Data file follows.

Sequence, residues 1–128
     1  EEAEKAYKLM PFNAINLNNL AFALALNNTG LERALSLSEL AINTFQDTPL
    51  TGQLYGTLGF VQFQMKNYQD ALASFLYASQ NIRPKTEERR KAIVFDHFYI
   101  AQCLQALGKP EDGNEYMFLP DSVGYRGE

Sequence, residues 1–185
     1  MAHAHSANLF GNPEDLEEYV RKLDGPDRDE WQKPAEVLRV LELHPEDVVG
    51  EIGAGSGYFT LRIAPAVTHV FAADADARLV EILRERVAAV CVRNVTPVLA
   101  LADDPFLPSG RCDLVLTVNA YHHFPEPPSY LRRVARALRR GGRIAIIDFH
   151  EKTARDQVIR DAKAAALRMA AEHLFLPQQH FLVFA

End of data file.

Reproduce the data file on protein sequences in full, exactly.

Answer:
Sequence, residues 1–128
     1  EEAEKAYKLM PFNAINLNNL AFALALNNTG LERALSLSEL AINTFQDTPL
    51  TGQLYGTLGF VQFQMKNYQD ALASFLYASQ NIRPKTEERR KAIVFDHFYI
   101  AQCLQALGKP EDGNEYMFLP DSVGYRGE

Sequence, residues 1–185
     1  MAHAHSANLF GNPEDLEEYV RKLDGPDRDE WQKPAEVLRV LELHPEDVVG
    51  EIGAGSGYFT LRIAPAVTHV FAADADARLV EILRERVAAV CVRNVTPVLA
   101  LADDPFLPSG RCDLVLTVNA YHHFPEPPSY LRRVARALRR GGRIAIIDFH
   151  EKTARDQVIR DAKAAALRMA AEHLFLPQQH FLVFA